Obviously thanks to Brooks’ few minutes this season (537) and Bournemouth’s struggles, he has had little opportunity to truly show his effectiveness in possession. Regarding his contribution during possession spells, Brooks has an expected goals build-up of 0.06. This implies that possession spells which involve him, end with a shot that has an expected goals of 0.06. His contribution in a deeper-lying playmaking role when moving possession up the pitch (XGChain), ends on average with an expected goals of 0.2. This very poor. However if you once more factor in his few minutes, Bournemouth’s goal scoring difficulties and his at times isolated position – it is a little more understandable.
Regarding Brooks’ defensive output, he makes 2.3 interceptions and 2.84 ball recoveries per 90 minutes. To offer further context, these ball recoveries per 90, rank Brooks 135th in the Premier League. Despite Brooks’ low number of recoveries, he does press high in the opposition’s final third. This is shown with his 0.5 “dangerous” recoveries per 90 minutes. Regarding his counterpressing game, Brooks makes 1.68 counterpressing recoveries (136th in the league per 90). Of his total 17 ball recoveries, 64.7% have been in the opposition half. Just like Buendia, Brooks want to press high and exploit opposition mistakes. This season, Brooks has made 35 defensive duels (5.86 per 90), with a success rate of 40%.
How Does He Fit Arteta’s team?
David Brooks would fit Arteta’s team very nicely. His speed and pace allow him to beat his man, receive between the lines, and play the ball forward. He often looks to receive on the half-turn, opening up the pitch and can then, therefore, see the entire pitch. Personally, I think to get so much more out of Brooks he too like Buendia, needs to play a central role. He needs possession moving through him. This best suits his skill set and allows him to play his complete game. A question would be on his press resistance. When forced onto his weaker right foot and at times on his stronger left, Brooks can look a little loose with the ball in a central area and against a coordinated press and pressing traps, could easily get caught out.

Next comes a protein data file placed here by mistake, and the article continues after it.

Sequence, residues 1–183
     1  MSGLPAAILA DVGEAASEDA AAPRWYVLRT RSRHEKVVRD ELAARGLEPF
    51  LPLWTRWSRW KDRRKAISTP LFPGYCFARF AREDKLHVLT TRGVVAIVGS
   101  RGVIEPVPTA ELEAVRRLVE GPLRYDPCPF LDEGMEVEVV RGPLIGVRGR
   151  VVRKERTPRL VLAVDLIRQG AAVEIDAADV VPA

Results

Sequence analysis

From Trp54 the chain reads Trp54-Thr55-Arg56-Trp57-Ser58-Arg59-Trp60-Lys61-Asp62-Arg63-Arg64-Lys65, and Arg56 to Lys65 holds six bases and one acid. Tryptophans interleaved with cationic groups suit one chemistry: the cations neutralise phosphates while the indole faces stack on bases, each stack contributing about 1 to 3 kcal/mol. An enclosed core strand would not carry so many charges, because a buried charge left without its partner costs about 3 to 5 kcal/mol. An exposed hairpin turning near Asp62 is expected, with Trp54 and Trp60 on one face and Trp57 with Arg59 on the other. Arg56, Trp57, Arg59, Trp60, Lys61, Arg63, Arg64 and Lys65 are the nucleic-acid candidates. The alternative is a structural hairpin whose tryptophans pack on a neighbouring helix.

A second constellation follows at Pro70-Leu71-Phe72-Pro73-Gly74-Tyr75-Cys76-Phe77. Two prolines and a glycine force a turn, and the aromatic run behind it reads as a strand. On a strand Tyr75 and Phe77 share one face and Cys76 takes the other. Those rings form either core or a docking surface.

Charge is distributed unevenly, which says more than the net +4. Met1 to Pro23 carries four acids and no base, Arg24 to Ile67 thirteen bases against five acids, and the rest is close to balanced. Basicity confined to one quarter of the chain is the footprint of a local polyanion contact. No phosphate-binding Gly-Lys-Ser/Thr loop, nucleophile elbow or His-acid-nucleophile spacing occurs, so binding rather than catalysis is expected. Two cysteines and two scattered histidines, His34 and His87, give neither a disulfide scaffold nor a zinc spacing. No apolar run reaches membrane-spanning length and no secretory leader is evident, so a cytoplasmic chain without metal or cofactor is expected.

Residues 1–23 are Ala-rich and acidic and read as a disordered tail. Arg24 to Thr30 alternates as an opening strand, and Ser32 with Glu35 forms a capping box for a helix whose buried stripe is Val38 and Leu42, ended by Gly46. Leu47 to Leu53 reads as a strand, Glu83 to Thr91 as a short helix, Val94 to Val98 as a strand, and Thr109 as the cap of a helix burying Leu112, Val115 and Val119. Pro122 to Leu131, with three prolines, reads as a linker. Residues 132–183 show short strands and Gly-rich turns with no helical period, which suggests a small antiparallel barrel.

Brooks has an inordinate skill in that he can time his run into an opponent’s penalty area to perfection. This has led to many of his goals and greatly helps Bournemouth when breaking down compact defences. As well as this, his timing of the run to beat an opponent’s offside trap and back line is excellent.
In conclusion, I personally believe Buendia should be a top target for Arsenal, even if Ceballos stays. He brings all the conditions Arsenal fans want to see in their team. His Spanish schooling allows him to demonstrate his tactical and technical attributes in a fluid possession style. This is something Arteta is intent on enforcing in this Arsenal team. Moreover, that determination and unrelenting desire to fight for his team, whilst at times see him overstep the line, is a great asset, especially to an Arsenal team which does lack it. Having this sort of player on the bench who can come into games or start when Arsenal are playing three matches a week, could be vital for the Gunners. Transfermarkt value Buendia at £13.05 million, but a more realistic price would be around £20 million. Still a bargain.
David Brooks offers similar credentials, however, is less cultured and would appear to cost more. Transfermarkt value him at £18 million, despite his injury and many reports are rumouring a value of around £20-30 million. Brooks has the technical and tactical ability, however, lacks the bite. He is not really going to grab a game by the scruff of the neck and make it his own. On his day he could be world class, however, when really needed in a midweek fixture would he have that unrelenting desire to win and carry the team? I’m not too sure, but he would get the fans off the seats more often than not, with his flair and skills.